Sabbatical watch: Where teachers are going

By NORA THOMPSON

Eight Pima Community College instructors are taking a sabbatical for the 2018-2019 school year.

A sabbatical is a paid leave of absence to travel and study. These professors were recommended for the sabbatical by The Faculty Professional Development and Sabbatical Standing Committee. All will receive full pay, except for one approved half-pay sabbatical.

Anthony Sovak

Anthony Sovak – English Instructional Faculty, Community Campus

Sovak is taking his sabbatical to read and learn about newly published poets and what it means to be a published poet in the 21st century. He wants to perform at several open mic nights and make his poetry available for use by writing classes and for creating writing classes at the Community Campus. About his sabbatical, he says:

“While I have been teaching poetry and writing poems for many years, I have never had the opportunity to focus exclusively on the writing and publishing process as it pertains to creative writing. The experiences I have throughout the process will shape my pedagogy and creative work for the rest of my career.”

 

Diane Lussier – Mathematics Instructional Faculty, Downtown Campus

Lussier’s sabbatical is to develop new materials to be used in MAT 092 and other pre-college algebra classes.

“I am taking a sabbatical in the fall in order to develop some course support materials for the faculty who teach Math 092/095/097,” Lussier said.

Patti Gardner – Digital Arts Instructional Faculty, West Campus

Gardner’s sabbatical is about updating and rejuvenating her design skills. She is going to learn about how her industry is changing in order to adapt to the changes. She will use what she’s learned to influence her curriculum in all of her classes.

“Personal growth as a designer is imperative. A sabbatical will provide me with an uninterrupted block of time to focus on updating and rejuvenating my design skills.”

Mirjana Glisovic – Bensa- Mathematics Instructional Faculty, Northwest Campus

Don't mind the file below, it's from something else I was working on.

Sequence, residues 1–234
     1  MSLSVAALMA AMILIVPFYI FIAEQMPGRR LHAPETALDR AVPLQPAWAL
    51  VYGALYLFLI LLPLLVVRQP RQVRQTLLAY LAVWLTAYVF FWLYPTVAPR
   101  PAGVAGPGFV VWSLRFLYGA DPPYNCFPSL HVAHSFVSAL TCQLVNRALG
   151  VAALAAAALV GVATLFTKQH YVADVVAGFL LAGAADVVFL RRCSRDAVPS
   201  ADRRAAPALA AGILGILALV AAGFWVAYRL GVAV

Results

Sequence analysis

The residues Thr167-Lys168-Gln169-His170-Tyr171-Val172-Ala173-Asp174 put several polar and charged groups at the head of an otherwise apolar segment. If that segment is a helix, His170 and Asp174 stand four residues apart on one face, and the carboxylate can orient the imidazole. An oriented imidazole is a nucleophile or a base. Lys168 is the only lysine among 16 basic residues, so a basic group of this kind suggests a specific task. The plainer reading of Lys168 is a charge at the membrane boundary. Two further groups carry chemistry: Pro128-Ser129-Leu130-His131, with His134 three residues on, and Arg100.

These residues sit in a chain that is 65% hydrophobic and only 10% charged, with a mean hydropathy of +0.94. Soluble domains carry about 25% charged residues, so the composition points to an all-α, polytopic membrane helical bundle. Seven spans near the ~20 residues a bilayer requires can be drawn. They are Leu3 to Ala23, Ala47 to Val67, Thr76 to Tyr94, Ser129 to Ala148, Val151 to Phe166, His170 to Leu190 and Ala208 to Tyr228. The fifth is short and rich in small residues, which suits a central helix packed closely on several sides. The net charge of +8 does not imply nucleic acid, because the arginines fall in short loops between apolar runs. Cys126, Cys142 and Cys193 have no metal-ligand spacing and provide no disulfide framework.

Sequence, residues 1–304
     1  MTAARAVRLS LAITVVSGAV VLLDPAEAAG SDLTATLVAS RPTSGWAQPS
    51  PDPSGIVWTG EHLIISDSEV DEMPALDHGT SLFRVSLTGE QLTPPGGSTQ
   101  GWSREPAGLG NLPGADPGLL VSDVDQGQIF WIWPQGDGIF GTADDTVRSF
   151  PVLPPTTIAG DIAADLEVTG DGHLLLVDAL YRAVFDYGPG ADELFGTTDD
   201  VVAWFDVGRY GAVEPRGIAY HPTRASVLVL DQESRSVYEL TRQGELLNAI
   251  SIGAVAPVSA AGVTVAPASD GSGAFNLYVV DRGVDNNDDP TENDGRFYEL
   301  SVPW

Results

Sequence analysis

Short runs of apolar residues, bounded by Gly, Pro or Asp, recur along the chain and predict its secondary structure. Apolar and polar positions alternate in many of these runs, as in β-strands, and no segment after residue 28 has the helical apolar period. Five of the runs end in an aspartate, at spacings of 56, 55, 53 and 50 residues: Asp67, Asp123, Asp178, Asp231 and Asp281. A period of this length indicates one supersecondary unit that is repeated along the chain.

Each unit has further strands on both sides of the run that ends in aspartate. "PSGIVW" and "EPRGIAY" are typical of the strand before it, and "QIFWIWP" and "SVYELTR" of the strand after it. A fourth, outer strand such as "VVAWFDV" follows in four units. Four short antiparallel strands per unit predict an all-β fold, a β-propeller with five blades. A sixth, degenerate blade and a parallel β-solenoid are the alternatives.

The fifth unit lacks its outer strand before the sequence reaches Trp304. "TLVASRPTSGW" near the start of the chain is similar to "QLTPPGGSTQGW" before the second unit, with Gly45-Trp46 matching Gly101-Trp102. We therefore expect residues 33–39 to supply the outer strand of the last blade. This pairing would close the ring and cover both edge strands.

Glisovic-Bensa’s sabattical is about creating new lesson plans for her college algebra, precalculus, statistics and calculus courses. She plans to use statistics about public health from the University of Arizona’s College of Public Health. She wants to create a lesson plan that includes real-world events in order to further engage her students.

She also is taking a half-pay sabbatical during Spring semester of 2019.

Andrea Kooshian – English as a Second Language Instructional Faculty, Downtown Campus

Kooshian is taking a sabbatical in order to study the Spanish language more thoroughly in Mexico. She will attend Spanish classes for 20 hours a week for 17 weeks in Oaxaca, Mexico. She intends to gain a better understanding of the Spanish language to better herself when teaching English as a Second Language.

Monique Rodriguez – Educational Support Faculty, Librarian, Northwest Campus

Rodriguez’s sabbatical is about her making instructional videos about fake news, MLA8 and website evaluation. The videos will be made available to all faculty and other librarian peers. Rodriguez will enroll in two online educational technology courses at the University of Arizona.

Elizabeth Rollins – English Instructional Faculty, Desert Vista Campus

The purpose of Rollins’ sabbatical is to draft a modern creative fiction guide about craft, courage and business concerns when living a writer’s life. The guide’s working title is “Five Brains and Other Theories on Writing Fiction.” Rollins also will offer two workshops on the generations of new work.

Kyley Segers

Kyley Segers – Mathematics Instructional Faculty, East Campus

Segers’ sabbatical’s purpose is to create new ways to incorporate problem-based learning into two mathematics courses at Pima, 188 and 231, precalculus and calculus 2. Ultimately, Segers will become a PBL (problem-based learning) mentor at Pima.

“I decided to take a sabbatical because I am very passionate about problem-based and inquiry-based Learning in STEM education, but designing classes using these methodologies is very time-intensive and requires a lot more research and work than designing a traditional lecture-based curriculum. I wanted to have a semester to focus on creating lessons and assessments for two of our math courses at the college: MAT 188 (Precalculus I) and MAT 231 (Calculus II). Currently, the East Campus is part of a grant to develop a PBL curriculum in MAT 189 (Precalculus II) and MAT 220 (Calculus I). By using my sabbatical time to develop two additional courses in the PBL format, any math faculty member at the college who is interested in trying PBL or IBL will have ready-made curricula to use for our four main STEM-track math classes.”

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